Some say he was the greatest investor ever...
And, at least in the public-fund business, I doubt there has been anyone as good as him.
Between 1976 and 1991, Peter Lynch was a rock star in the mutual-fund world. For 13 years, he returned 29% a year to the 1% of Americans who were clients of his firm, Fidelity Investments, and put their money in his Magellan Fund... me among them.
The Magellan Fund was the first mutual fund I ever put money into. I was getting my MBA at Kellogg School of Management at Northwestern University and then working at Goldman Sachs when Lynch was at the top of his game.
Lynch built an empire at Fidelity Investments by buying shares of simple businesses... ones he understood and saw in his daily life. He argued that investors could find stellar investing ideas just by keeping their eyes open to what was happening around them.
In fact, that's the best way to do it. Lynch tells a story in his 1989 book One Up on Wall Street – which I consider a must-read for investors – which he called the "Harry Houndstooth" tale...
Henrietta discovered a terrific bargain at a new, popular store at the mall...
She rushed home to tell her husband, Harry.
That's when Harry made a mistake. He ignored her new clothes... and the store she bought them from.
Instead, he was reading about the upside in Winchester Disk Drives. And though Harry didn't know anything about how disk drives worked, the Wall Street Journal and the reports he got from his broker suggested they were the next big thing.
You may see where this is going...
Harry's wife kept spending money at the new store, The Limited, that she and her friends loved. That was the stock to buy.
Harry instead had his head buried in research reports and ended up following the crowd. His investment in Winchester dropped by half.
On the other hand, The Limited grew for nearly two decades. (In 2017, it filed for bankruptcy... Even great businesses don't always stay great forever.)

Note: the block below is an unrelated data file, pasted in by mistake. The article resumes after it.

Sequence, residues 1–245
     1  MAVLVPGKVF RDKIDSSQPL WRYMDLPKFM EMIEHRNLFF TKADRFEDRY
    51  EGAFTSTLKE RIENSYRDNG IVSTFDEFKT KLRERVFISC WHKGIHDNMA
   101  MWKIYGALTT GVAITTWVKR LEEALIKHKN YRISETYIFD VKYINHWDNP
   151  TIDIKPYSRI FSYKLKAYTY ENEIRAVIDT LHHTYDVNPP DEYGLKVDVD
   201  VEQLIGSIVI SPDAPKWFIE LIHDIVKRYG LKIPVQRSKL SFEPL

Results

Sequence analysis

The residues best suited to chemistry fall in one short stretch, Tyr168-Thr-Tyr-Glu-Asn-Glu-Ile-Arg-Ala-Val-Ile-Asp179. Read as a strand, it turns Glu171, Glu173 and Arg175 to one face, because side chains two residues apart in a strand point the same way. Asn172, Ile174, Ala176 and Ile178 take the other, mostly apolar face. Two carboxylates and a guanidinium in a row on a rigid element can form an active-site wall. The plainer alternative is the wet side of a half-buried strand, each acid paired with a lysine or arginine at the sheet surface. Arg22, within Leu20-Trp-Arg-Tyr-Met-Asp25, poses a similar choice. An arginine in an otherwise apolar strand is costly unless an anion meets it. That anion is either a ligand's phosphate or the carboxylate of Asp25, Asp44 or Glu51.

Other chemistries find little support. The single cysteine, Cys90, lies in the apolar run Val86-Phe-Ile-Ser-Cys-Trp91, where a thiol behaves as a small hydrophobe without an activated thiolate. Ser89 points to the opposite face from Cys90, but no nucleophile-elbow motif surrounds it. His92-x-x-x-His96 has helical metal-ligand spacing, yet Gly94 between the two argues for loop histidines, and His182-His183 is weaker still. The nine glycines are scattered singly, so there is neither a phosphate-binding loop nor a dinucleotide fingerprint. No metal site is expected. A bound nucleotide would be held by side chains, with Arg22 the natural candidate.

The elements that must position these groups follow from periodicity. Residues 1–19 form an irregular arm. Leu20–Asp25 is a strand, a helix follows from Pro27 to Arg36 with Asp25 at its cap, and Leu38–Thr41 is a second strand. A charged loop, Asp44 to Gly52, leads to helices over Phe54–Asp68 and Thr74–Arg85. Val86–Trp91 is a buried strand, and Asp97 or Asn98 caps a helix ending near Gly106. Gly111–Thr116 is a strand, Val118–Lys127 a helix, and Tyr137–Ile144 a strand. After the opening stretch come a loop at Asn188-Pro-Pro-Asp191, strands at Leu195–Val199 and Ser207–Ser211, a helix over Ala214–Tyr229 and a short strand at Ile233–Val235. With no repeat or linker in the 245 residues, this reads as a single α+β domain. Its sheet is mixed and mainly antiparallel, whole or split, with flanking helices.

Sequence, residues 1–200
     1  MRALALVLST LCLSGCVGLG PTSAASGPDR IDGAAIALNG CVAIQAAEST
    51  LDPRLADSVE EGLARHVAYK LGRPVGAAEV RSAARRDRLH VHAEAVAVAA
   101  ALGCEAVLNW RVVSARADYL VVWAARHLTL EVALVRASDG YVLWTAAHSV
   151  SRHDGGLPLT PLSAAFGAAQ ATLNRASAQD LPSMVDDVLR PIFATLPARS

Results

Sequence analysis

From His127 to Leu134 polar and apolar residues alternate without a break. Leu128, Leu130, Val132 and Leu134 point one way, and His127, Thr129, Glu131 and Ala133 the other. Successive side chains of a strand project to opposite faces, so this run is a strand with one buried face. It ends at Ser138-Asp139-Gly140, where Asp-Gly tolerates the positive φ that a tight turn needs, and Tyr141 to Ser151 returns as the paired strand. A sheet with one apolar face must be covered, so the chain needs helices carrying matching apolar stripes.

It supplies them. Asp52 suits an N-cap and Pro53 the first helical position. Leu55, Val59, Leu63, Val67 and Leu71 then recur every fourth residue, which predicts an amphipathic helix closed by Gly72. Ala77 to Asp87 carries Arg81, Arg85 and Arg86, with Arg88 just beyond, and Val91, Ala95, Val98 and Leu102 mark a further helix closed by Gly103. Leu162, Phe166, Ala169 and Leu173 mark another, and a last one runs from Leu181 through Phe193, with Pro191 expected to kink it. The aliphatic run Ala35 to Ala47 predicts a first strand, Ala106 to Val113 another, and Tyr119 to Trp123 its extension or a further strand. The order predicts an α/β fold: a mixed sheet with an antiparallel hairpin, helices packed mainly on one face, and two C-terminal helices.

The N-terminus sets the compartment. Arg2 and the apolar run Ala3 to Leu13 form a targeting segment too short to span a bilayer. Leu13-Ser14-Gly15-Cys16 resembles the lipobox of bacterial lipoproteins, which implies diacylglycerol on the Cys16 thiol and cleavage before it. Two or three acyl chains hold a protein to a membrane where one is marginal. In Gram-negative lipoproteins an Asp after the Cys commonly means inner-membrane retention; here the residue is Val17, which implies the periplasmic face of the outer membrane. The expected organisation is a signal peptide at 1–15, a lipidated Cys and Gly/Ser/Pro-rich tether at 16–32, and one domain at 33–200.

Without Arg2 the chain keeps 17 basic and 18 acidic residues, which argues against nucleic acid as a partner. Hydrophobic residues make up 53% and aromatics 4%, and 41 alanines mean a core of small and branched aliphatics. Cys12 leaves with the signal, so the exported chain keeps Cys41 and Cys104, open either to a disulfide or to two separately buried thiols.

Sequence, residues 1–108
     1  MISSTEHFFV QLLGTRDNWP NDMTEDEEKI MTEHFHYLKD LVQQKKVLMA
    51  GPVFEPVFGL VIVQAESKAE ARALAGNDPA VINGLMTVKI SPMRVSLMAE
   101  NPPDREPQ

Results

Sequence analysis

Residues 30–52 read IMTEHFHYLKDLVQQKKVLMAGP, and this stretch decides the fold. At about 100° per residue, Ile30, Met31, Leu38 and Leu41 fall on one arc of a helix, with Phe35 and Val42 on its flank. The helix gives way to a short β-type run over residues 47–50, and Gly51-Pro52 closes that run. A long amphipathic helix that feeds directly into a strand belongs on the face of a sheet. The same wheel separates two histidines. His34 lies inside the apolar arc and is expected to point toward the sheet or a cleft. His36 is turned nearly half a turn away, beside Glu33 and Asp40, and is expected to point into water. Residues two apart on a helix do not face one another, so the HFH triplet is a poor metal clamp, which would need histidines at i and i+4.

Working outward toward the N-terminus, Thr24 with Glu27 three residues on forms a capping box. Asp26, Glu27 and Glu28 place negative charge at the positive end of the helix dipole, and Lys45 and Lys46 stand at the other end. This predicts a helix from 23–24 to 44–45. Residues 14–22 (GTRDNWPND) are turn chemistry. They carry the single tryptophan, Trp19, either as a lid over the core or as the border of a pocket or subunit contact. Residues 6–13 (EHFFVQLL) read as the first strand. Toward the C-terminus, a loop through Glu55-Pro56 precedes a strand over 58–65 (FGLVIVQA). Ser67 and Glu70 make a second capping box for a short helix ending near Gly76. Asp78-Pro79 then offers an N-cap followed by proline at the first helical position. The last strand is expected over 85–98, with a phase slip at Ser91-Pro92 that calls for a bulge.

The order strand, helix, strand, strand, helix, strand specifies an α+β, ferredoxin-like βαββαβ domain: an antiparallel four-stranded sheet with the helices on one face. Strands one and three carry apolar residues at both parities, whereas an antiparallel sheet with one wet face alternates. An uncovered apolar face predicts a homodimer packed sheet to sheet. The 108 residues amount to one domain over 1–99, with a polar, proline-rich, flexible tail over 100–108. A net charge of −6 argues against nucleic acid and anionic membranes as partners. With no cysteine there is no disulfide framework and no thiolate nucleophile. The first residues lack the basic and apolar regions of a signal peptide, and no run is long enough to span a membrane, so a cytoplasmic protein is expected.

You don't need a degree in finance or a million-dollar research department to find out what businesses are doing well. You can see it every day. This is America, after all. Our lives are commerce.
You saw iPhones filling everyone's hands, burritos filling everyone's bellies, or brown boxes sitting on every doorstep. And you could have bought Apple (AAPL), Chipotle Mexican Grill (CMG), or Amazon (AMZN) at practically any time and done very well.
While it's easy to get caught up in valuations, balance sheets, and interest rates, sometimes you need to keep it simple: Buy what customers are buying.
If you love mountain climbing – you know what brands the outdoor types are buying these days. If you love cars, you may know which carmakers are coming out with the next great electric vehicle.
You can do the same. Your hobbies become your area of expertise... and expertise can be turned into investments that make you money. That's the way the world works.
Take a page from Peter Lynch's playbook. It's how I've scored some of the biggest winners in my life.
What We're Reading...
- Something Different: JPMorgan Chase CEO Jamie Dimon warns this is "the most dangerous time" for the world in decades.
Here's to our health, wealth, and a great retirement,
Dr. David Eifrig and the Health & Wealth Bulletin Research Team
October 18, 2023